BREAST TISSUE CLASSIFICATION USING STATISTICAL PATTERN RECOGNITION ON BACKSCATTERED ULTRASOUND.
AuthorBLEIER, ALAN RAYMOND.
KeywordsBreast -- Cancer -- Diagnosis.
Breast -- Examination.
Diagnostic ultrasonic imaging.
Ultrasonics in medicine.
MetadataShow full item record
PublisherThe University of Arizona.
RightsCopyright © is held by the author. Digital access to this material is made possible by the University Libraries, University of Arizona. Further transmission, reproduction or presentation (such as public display or performance) of protected items is prohibited except with permission of the author.
AbstractDiagnoses using images made with non-ionizing ultrasound are based on qualitive criteria and are not more accurate than those made with mammography. Information about tissue state is lost in the processing required to produce ultrasound images, and textural information may not be perceptible to a human observer. This study uses statistical pattern recognition to classify ultrasound A-scans, before any processing other than amplification occurs. A U. I. Octoson was used to collect data from normal, benign, and malignant, in vivo breast tissues. Features based on textural or frequency content of received sound were computed from digitized A-scans. Most textural features have been used previously in image processing, while frequency features assumed differences in frequency-dependent attenuation. Data were collected at the University of Arizona from 17 malignant masses, 8 benign masses, and 7 normal tissues. Univariate and multivariate statistical tests were used to find combinations of features which discriminated best between the classes of tissue. Equal a priori probabilities were used in a Bayesian classifier to classify malignant vs. nonmalignant. Specificity of 76% (13 of 17 malignant masses correct) was found with a sensitivity of 80% (12 of 15 masses correct). A linear combination of one frequency feature and three textural features was used. For malignant vs. benign, sensitivity of 88% (15 of 17 masses) and specificity of 75% (6 of 8 masses) were found. Features used were the same as for classification of malignant vs. nonmalignant, except for modification of one textural feature. The inability to visually detect and gather data from some palpable masses means that further study is needed to determine the effectiveness of applying the method to all breast masses. A set of A-scans from Thomas Jefferson Hospital in Philadelphia was gathered using similar procedures, and analysed with the following results: 18 of 21 (86%) malignant masses, and 45 of 66 (68%) nonmalignant masses were classified correctly, using a linear combination of one textural feature and five frequency features. Confidence limits on the results show that the majority of masses can be classified correctly with this procedure, but success rates are not high enough for breast cancer screening.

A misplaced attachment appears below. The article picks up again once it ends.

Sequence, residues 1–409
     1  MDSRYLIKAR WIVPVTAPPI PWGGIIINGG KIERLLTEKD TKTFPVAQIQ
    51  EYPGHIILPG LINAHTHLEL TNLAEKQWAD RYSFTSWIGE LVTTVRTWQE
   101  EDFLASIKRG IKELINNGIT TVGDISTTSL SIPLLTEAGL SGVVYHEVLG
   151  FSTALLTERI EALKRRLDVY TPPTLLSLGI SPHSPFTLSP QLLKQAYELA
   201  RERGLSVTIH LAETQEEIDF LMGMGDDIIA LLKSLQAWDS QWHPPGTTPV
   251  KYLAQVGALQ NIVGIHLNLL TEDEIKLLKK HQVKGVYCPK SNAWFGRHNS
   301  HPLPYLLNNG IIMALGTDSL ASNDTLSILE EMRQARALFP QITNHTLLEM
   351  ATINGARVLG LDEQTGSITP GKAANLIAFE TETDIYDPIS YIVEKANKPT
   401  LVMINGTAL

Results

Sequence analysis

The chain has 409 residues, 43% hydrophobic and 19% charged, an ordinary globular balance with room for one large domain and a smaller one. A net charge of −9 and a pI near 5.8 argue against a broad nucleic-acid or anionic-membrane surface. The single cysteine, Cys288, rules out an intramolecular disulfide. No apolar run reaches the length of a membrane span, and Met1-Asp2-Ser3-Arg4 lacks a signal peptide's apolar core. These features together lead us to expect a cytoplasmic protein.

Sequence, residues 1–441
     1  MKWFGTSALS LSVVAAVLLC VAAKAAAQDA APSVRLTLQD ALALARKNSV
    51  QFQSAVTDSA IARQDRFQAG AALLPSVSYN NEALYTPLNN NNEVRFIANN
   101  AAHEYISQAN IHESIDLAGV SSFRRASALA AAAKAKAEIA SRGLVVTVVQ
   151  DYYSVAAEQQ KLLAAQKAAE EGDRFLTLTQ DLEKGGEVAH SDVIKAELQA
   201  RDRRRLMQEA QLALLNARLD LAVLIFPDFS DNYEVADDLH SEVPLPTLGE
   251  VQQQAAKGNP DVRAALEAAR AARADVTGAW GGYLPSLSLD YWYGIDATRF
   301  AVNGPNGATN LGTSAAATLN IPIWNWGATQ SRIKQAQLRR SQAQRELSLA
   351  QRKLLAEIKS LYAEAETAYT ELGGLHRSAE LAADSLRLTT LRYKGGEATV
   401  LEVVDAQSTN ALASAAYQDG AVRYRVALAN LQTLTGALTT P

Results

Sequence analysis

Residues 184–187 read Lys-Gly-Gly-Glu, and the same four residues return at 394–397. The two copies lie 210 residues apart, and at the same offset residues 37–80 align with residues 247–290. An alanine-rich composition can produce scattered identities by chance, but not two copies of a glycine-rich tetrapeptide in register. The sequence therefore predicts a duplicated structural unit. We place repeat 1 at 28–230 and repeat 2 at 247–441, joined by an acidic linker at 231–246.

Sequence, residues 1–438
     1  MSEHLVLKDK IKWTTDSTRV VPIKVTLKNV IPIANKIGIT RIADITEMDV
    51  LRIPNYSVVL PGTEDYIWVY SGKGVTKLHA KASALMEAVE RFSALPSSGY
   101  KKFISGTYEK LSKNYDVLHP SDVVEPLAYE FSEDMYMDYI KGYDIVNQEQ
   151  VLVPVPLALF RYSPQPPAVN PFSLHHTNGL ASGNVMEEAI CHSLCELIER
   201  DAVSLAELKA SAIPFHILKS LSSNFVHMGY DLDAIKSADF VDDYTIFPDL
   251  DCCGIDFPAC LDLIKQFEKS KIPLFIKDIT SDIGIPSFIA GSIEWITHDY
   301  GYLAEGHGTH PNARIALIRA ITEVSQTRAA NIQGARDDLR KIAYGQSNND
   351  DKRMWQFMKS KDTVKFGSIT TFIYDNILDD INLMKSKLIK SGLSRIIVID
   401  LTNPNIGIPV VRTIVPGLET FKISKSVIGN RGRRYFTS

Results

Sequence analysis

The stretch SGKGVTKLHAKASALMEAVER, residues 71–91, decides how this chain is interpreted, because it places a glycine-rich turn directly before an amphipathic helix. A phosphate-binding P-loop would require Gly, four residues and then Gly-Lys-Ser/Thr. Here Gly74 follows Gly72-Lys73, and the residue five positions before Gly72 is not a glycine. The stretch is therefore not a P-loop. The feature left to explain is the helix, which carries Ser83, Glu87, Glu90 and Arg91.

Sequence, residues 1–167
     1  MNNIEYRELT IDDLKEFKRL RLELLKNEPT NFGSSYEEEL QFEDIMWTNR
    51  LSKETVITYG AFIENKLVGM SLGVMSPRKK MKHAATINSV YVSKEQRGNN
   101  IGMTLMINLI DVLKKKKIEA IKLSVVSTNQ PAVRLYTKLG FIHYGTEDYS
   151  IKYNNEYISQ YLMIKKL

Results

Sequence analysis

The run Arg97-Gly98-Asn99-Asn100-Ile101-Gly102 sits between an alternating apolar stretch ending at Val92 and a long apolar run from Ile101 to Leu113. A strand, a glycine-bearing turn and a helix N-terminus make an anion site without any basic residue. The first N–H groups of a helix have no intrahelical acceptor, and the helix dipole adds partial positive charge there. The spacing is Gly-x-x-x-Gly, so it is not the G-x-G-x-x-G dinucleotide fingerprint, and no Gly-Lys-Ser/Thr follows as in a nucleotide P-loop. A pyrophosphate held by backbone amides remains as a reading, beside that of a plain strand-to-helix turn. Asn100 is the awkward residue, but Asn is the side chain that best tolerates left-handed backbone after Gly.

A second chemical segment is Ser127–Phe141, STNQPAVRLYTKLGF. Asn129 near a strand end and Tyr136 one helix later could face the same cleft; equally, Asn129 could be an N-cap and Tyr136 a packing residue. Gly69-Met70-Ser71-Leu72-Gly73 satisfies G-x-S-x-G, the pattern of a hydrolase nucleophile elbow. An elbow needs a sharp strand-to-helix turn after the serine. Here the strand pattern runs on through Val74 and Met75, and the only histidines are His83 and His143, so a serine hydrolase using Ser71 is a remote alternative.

Degree ProgramOptical Sciences